COVID-19 vaccines 90 percent effective, CDC says
The Pfizer and BioNTech and Moderna novel coronavirus (COVID-19) vaccinations are 90 percent effective at reducing infections in fully vaccinated people and 80 percent effective in partially vaccinated people, according to a new report by the U.S. Centers for Disease Control and Prevention (CDC).
Messenger ribonucleuc acid (mRNA) COVID-19 vaccines have been shown to be effective previously in preventing symptomatic SARS-CoV-2 infection in randomized, placebo-controlled clinical trials, the CDC said in a statement. The new study included prospective cohorts of 3,950 healthcare personnel, first responders, and other essential and frontline workers in Arizona, Florida, Minnesota, Oregon, Texas, and Utah who received either the Pfizer and BioNTech or Moderna vaccine from mid-December to mid-March.
Participants completed weekly SARS-CoV-2 testing for 13 consecutive weeks. Two weeks after receiving both recommended doses, their risk of SARS-CoV-2 infection was reduced by 90 percent, according to the study. Additionally, after participants received the first dose, their risk of infection was reduced by 80 percent. Both vaccines prevented both symptomatic and asymptomatic infections, the CDC said.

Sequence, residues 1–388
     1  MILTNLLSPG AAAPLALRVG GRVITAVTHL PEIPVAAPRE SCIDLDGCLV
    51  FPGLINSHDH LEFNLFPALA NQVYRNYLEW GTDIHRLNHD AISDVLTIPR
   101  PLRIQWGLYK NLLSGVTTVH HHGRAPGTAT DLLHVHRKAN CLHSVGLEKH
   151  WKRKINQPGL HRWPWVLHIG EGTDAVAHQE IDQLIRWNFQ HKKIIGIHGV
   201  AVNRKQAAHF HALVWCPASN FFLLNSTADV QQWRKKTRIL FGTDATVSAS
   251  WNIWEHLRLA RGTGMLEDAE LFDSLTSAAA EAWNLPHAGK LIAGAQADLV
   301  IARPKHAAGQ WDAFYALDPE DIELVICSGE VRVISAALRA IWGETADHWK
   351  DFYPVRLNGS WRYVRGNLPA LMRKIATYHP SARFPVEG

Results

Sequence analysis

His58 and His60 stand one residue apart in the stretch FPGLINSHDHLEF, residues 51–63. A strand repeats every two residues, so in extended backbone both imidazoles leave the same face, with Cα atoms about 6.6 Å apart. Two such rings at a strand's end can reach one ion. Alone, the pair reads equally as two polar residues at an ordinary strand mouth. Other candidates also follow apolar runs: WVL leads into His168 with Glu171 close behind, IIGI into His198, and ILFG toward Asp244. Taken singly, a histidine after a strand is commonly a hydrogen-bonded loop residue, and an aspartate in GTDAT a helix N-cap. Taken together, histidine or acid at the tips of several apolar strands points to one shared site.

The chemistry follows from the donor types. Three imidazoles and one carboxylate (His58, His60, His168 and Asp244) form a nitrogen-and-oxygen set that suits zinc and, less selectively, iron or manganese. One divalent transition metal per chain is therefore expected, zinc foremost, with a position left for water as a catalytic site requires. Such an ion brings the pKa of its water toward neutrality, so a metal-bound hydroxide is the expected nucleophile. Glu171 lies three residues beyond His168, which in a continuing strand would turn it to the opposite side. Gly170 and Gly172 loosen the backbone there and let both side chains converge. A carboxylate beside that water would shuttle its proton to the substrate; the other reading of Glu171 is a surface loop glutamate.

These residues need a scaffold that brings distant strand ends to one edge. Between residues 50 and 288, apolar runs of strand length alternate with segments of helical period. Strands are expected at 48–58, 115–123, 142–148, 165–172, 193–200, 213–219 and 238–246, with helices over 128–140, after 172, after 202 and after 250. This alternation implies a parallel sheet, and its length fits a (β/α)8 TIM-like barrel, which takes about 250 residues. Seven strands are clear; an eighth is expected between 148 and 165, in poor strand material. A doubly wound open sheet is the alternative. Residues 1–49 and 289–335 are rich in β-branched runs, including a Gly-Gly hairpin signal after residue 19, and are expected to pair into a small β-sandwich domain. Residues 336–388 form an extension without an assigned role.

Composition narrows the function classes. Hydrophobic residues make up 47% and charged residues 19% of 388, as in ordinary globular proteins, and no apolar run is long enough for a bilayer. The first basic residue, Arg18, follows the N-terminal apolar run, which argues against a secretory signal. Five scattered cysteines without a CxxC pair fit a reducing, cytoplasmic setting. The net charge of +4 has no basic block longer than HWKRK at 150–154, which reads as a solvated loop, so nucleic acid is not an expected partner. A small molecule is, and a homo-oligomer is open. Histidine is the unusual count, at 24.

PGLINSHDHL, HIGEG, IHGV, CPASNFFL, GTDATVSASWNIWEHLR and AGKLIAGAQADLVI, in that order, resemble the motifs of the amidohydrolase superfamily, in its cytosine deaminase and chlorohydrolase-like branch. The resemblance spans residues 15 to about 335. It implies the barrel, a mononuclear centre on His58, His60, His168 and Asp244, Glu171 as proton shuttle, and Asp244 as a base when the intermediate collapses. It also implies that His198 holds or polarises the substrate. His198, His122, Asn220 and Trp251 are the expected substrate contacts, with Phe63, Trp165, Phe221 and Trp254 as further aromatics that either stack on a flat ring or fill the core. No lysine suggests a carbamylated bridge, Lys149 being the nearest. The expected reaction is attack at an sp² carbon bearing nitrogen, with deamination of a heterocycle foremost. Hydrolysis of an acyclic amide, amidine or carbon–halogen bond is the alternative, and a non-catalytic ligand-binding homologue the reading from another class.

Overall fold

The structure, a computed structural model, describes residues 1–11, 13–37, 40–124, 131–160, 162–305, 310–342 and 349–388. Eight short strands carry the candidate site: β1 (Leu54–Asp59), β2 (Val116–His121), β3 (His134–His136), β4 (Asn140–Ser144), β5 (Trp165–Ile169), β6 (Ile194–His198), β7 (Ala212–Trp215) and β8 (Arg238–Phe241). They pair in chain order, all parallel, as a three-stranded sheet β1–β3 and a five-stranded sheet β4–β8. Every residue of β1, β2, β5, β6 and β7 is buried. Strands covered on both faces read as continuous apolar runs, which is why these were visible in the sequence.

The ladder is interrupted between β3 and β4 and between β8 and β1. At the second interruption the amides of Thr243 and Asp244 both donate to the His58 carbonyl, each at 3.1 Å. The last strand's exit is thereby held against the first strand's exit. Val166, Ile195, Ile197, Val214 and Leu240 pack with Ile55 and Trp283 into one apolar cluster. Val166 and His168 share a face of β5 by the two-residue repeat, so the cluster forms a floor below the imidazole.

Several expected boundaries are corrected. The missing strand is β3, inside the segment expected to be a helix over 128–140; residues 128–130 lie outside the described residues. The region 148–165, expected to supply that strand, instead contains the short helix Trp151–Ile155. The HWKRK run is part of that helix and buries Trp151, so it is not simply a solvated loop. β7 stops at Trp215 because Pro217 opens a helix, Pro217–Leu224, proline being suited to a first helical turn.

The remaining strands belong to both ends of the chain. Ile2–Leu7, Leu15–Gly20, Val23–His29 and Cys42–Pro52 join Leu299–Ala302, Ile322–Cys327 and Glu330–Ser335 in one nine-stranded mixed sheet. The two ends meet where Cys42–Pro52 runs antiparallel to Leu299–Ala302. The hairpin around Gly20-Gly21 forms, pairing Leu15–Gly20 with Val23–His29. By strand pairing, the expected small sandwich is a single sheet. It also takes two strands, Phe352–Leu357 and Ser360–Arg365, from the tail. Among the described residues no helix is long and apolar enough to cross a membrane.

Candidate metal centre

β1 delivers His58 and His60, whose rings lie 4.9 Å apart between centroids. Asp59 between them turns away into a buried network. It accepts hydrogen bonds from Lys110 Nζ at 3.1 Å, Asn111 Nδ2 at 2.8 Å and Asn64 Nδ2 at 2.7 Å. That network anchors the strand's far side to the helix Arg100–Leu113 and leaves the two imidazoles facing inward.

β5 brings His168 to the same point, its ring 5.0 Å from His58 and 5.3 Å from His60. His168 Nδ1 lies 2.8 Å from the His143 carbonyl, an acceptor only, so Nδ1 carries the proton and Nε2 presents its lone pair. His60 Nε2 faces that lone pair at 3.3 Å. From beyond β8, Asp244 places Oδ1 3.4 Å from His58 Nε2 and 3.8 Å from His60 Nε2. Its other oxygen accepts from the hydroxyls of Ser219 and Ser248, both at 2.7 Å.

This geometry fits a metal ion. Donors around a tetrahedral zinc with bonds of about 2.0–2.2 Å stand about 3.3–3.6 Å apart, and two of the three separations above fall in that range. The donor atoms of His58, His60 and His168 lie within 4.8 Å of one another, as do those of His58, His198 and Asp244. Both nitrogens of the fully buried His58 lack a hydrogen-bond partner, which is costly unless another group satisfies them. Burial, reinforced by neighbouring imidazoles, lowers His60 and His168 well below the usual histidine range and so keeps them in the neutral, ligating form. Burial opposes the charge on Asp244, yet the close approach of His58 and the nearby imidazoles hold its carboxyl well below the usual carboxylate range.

The findings are the first in the U.S. using real-world conditions to evaluate mRNA vaccine effectiveness of full and partial immunization. The results are in line with research in other countries, including a recent study by The Israel Ministry of Health, which found the Pfizer vaccine to be 97 percent effective in preventing COVID-19, including severe cases and mortality.
In the U.S., more than 53 million people have received a vaccine, as access continues to expand.